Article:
"What's happened is we've had some petitions lately with some strong legal arguments," said Stephanie Melvin. "We've taken another look at what we're trying to do."
Melvin said the government is reviewing penalties for 1,200 motorists who were handed immediate roadside prohibitions during a three-week period in November 2011 just before the B.C. Supreme Court struck down part of the impaired driving law.
She said the Office of the Superintendent of Motor Vehicles is examining the five-year driving records of each of the 1,200 motorists to determine if their driver education penalties should be waived.
The review is expected to be completed in six to eight weeks and drivers who escape the penalties could save more than $2,600, said Melvin.
She said the review will determine if those motorists will still have to take the responsible driver program, at a cost of $880, plus tax, and install the ignition interlock system, which disables a vehicle if alcohol is detected and costs about $1,700 annually.
Melvin said the review of the 1,200 people is a small number when contrasted with the 35,000 people who have been referred to the education and interlock programs since the impaired laws were introduced in September 2010.
Vancouver lawyer Paul Doroshenko, whose practice specializes in impaired driving cases, estimates about a half dozen of the 17 motorists who sparked the government review are his clients.
He said the current law leaves no room for discretion and forces every driver into the education and interlock programs without review of their individual driving records or hearings on their behalf.
"The point was we knew it wasn't discretionary," said Doroshenko. "It was being applied across the board without review of people's driving record. They created no opportunity to review it."
Last May, the government amended the impaired driving law in order to strengthen the rights of accused impaired drivers to challenge roadside screening tests and appeal immediate roadside prohibitions.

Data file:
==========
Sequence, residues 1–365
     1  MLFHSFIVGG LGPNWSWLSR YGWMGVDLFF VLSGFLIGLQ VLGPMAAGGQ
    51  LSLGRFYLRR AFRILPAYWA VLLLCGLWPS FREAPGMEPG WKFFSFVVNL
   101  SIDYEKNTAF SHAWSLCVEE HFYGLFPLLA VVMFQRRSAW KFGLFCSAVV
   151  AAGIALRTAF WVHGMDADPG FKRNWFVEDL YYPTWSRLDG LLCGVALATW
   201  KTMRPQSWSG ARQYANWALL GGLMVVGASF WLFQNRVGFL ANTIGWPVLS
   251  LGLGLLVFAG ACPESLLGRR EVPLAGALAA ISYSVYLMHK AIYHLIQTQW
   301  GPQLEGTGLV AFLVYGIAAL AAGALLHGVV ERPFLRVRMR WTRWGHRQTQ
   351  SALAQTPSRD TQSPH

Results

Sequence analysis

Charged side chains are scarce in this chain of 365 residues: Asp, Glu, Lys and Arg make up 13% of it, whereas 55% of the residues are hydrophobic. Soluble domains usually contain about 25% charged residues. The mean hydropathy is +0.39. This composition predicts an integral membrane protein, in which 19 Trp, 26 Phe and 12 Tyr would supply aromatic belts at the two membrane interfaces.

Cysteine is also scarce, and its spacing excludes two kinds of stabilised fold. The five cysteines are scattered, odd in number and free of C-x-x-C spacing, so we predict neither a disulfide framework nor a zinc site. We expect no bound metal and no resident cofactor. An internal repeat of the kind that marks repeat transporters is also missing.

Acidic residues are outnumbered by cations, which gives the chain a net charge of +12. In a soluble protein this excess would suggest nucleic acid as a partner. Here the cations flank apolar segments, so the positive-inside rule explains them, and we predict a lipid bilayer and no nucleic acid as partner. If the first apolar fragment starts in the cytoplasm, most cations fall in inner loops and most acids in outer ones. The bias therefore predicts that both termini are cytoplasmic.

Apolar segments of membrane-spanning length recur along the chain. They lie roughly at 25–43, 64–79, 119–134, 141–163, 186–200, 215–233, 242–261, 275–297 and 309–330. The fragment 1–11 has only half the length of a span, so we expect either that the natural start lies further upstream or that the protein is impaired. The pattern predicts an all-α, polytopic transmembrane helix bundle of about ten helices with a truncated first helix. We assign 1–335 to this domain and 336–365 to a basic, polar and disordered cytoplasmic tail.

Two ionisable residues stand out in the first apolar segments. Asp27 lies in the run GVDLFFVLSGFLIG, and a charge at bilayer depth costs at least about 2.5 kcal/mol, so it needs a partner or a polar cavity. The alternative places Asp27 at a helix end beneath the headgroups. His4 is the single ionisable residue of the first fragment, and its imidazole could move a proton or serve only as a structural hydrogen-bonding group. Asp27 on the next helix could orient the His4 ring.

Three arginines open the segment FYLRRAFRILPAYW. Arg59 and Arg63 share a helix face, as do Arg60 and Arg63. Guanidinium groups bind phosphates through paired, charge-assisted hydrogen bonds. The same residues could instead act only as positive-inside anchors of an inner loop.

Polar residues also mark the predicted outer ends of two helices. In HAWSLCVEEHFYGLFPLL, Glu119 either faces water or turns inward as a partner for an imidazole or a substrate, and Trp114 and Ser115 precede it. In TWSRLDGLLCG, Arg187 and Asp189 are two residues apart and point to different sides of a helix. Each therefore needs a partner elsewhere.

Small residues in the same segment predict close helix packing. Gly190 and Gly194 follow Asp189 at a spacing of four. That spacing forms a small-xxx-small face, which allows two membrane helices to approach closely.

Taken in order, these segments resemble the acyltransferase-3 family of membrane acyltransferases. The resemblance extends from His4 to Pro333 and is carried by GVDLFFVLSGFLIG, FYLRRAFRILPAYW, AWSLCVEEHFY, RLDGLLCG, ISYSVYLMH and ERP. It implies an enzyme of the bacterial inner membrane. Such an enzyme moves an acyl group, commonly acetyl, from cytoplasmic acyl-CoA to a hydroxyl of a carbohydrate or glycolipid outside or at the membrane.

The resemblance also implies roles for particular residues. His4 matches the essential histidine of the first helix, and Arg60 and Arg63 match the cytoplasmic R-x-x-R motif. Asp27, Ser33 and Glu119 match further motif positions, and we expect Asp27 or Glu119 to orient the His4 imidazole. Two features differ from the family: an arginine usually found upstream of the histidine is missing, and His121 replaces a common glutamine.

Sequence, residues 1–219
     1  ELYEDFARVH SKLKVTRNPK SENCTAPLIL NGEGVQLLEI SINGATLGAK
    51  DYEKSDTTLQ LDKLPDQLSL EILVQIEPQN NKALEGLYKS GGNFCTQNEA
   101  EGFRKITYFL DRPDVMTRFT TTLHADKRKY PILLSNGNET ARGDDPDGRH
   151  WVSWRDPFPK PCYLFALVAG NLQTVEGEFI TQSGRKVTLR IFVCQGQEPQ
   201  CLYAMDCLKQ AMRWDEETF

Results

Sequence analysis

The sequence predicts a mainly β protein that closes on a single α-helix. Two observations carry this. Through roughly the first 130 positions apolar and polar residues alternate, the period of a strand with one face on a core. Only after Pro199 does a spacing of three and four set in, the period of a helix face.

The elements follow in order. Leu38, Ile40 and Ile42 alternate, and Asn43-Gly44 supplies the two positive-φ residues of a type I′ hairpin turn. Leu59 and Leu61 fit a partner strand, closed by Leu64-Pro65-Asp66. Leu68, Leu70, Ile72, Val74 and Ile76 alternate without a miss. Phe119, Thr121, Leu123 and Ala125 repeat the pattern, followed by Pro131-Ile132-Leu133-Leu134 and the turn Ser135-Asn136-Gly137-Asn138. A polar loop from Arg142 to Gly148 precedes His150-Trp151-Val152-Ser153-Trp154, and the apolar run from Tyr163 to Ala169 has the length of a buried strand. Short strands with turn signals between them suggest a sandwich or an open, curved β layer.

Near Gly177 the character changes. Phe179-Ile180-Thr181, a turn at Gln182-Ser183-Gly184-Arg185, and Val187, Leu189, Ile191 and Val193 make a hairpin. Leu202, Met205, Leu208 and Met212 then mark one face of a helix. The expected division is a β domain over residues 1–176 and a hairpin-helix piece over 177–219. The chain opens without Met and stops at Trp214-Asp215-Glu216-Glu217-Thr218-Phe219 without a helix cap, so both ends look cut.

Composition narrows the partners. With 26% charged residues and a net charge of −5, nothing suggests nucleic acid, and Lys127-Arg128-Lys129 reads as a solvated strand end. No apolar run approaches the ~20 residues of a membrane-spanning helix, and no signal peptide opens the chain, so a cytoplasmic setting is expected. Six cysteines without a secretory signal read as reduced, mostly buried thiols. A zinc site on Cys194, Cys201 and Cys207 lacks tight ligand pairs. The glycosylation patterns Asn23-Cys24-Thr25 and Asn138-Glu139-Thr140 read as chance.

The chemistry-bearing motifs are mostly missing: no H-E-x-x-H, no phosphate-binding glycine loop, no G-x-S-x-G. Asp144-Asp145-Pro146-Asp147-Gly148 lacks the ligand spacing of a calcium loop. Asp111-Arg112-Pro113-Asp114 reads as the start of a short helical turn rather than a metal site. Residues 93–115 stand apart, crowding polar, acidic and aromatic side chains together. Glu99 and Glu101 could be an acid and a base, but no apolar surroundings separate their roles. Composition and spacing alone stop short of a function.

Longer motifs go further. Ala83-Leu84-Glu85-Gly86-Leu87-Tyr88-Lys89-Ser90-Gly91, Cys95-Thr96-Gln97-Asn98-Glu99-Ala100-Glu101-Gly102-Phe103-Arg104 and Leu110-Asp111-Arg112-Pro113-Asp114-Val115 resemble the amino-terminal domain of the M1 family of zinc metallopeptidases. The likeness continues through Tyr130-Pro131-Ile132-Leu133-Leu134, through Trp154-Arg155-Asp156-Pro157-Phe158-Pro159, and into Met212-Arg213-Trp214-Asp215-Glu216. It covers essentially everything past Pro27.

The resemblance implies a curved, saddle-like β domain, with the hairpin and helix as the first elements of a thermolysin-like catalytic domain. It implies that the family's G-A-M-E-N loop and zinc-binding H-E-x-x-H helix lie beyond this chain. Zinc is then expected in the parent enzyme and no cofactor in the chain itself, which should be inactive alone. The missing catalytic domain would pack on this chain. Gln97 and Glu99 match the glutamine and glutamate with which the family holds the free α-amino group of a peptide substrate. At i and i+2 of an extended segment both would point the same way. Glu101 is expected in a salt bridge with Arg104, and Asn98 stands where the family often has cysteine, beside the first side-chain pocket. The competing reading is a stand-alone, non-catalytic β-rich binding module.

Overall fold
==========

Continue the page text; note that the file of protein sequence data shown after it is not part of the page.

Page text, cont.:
The amended law was in response to the November 2011 B.C. Supreme Court ruling that struck down portions of the impaired driving law as unconstitutional.
B.C. Supreme Court Justice Jon Sigurdson ruled that penalties for drivers were too serious for the law to have no adequate appeal system.
The amended law required police to inform drivers of their right to challenge their first roadside screening test by requesting a second test on a different machine. Accused drivers were also granted more power to appeal and seek reviews through the Office of the Superintendent of Motor Vehicles.
Justice Minister Shirley Bond issued a statement Monday that said the Office of the Superintendent of Motor Vehicles is reviewing some of its penalties amid court challenges from 17 motorists.
"The immediate roadside prohibition program, as new, groundbreaking legislation, has been the subject of a significant number of challenges, and this situation is no different," said Bond's statement.
"It has come to the superintendent’s attention, as a result of a number of petitions before the court, that there is an issue that needs to be addressed, and the superintendent is addressing it."
Bond's statement said that even though some motorists may not be forced to enter the driver education and interlock programs following the review, the government is sticking to its impaired driving penalty program that has saved as many as 104 lives since Sept. 2010.
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